The Human Rights Commission has welcomed the Government’s Hidden Talent Tour to encourage employers to take on more New Zealanders with disabilities.
“We encourage employers to open their minds and their company doors for the Hidden Talent Tour,” said Disability Rights Commissioner, Paul Gibson.
“Thousands of New Zealanders with disabilities are valued, skilled employees and thousands more are waiting to be employed.”
Disability Rights Minister Nicky Wagner launched the Hidden Talent Tour in Hamilton today. Only 45% of disabled adults are employed compared with 72% of non- disabled adults in New Zealand.
“As a result of our 2015 Tracking Equality at Work programme, we recommended the government implement a long term work programme to improve employment outcomes for disabled people. The Hidden Talents Tour alongside the LEAD toolkit for employing disabled people in the public sector is a good first step,” said Mr Gibson.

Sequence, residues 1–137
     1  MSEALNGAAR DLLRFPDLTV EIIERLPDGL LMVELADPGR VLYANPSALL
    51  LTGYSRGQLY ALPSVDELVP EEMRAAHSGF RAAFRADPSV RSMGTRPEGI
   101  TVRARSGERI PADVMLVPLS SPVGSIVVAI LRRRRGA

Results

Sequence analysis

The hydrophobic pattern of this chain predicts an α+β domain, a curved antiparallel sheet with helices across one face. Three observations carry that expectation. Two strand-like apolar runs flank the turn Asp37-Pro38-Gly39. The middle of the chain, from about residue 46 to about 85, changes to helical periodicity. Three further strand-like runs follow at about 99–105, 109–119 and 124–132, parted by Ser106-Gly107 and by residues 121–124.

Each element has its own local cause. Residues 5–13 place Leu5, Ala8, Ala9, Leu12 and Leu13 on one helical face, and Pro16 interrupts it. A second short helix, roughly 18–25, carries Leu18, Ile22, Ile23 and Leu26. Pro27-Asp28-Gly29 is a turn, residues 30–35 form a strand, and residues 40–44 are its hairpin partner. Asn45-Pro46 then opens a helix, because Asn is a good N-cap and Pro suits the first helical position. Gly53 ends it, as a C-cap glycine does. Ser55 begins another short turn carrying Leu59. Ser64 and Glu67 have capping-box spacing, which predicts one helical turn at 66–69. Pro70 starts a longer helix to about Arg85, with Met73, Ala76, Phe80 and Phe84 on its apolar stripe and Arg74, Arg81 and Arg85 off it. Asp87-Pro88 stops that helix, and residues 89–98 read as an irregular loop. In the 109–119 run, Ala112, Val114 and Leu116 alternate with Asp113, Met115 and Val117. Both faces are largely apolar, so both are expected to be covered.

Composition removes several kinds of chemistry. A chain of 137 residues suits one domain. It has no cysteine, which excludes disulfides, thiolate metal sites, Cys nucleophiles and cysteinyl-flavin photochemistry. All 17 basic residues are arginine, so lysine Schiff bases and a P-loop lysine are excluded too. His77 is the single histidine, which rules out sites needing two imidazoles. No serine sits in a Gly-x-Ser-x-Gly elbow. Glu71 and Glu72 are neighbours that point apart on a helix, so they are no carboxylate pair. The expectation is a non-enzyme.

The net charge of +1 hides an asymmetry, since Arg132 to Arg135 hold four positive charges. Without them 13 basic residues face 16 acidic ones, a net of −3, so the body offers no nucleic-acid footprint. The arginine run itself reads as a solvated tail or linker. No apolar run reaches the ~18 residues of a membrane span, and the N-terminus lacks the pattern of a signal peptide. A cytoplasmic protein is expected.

“Just being given a chance in the first place is the biggest barrier people with disabilities face when seeking employment.”
Under Recent law changes in the UK employers are obliged to interview disabled people who match the skill requirements for a job.
“As a result many more have successfully attained work as innovative employers recognise the potential they see during an interview.”
The business case for addressing employment discrimination is well established, as demonstrated by the Australian Human Rights Commission's Willing to Work report.
"It found increasing diversity across an organisation delivers tangible benefits in terms of productivity, performance and innovation; increased access to a broader talent pool and improvements to organisational reputation," said Mr Gibson.
Learn about disabled peoples right to work here.